Going for the taste test, I find that the flavour of the tea is pretty much similar to green tea with a certain extra freshness to it than standard black tea.
Most black tea has a metallic bitterness to it from its high tannin content. They are right about being subtle it seems milder and not quite as bitter as green tea. The blackcurrant flavour is not all that potent either and mainly comes from the aroma than the actual taste. The aroma is pretty strong and I suppose dupes the taste buds into thinking they are actually tasting it. There is no sickly sweetness to it either. The blackcurrant flavour is present in all its natural wholesomeness.
I’m left with a sensation that feels refreshing and good for cleansing the palette after a spicy meal.
I have also tried the raspberry flavour, and although both comparable in terms of strength of flavour, I would say the blackcurrant one is my favourite.
The pack has a classy look to it, a metallic sage green background with a bit of Latin - Ribes nigrum (blackcurrant) - thrown in for good measure. Unfussy, a bit like Waitrose’s own-brand packaging.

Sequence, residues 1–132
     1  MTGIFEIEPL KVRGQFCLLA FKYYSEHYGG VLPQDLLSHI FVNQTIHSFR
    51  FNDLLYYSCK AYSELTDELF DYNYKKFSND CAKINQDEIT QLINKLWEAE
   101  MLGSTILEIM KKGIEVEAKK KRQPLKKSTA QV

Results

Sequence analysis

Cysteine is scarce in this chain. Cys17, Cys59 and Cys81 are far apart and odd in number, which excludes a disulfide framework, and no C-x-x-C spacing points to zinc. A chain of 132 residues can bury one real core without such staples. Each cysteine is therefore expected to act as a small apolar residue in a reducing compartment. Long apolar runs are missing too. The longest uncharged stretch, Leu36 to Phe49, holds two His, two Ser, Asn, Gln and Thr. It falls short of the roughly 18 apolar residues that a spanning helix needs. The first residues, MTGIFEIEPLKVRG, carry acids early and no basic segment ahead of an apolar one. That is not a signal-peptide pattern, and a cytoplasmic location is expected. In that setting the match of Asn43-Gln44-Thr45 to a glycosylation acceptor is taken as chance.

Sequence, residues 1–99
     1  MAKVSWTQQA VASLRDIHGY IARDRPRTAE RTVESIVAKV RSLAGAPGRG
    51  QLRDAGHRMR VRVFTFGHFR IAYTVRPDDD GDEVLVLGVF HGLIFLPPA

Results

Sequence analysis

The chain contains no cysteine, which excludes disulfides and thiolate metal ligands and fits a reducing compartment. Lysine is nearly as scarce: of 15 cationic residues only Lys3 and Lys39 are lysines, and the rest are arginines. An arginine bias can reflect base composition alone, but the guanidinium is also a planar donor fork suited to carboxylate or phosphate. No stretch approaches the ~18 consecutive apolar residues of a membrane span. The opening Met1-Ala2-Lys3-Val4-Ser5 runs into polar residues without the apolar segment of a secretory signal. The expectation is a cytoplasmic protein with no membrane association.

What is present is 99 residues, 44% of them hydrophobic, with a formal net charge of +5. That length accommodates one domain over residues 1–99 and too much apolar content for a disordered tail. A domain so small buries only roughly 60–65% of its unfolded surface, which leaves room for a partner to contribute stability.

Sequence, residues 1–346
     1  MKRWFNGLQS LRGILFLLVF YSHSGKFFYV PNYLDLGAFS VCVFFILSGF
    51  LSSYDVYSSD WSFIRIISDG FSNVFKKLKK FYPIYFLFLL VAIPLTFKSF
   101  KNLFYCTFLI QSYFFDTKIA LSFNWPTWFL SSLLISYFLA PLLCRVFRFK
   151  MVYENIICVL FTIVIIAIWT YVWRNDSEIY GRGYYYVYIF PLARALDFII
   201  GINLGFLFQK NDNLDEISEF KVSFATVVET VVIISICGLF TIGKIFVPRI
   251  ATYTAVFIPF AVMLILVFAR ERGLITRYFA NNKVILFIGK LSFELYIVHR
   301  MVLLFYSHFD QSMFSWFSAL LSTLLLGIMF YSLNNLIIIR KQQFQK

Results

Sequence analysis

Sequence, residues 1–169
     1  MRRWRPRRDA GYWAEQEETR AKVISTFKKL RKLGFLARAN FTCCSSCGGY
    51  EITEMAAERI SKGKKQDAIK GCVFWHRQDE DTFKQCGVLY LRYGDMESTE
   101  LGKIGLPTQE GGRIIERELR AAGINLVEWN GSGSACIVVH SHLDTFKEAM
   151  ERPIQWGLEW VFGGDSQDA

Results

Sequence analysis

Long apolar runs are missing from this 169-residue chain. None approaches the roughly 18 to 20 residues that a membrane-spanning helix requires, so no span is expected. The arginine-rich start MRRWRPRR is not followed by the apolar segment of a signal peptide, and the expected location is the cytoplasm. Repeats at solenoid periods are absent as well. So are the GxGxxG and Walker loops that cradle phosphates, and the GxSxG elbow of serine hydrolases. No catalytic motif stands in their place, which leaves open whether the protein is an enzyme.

Please note: The picture shows the standard White Tea, not the Blackcurrant flavour version.
The wording on the pack goes on a fair bit about how eco-friendly the product and packaging is. The paper and card are 100% biodegradable, the pack tells me as it is with all Clipper products. They are non-chlorine bleached, from managed, sustained forests and the tea bags are unbleached too.
The bags from not being bleached white are a natural looking beige colour. This might put off some but not me. I prefer the natural look if it means that my drink is not going to be polluted with traces of chemicals that I read about. Although the bags are not foil wrapped unlike Twinings teas tend to be, the freshness seems to up to par.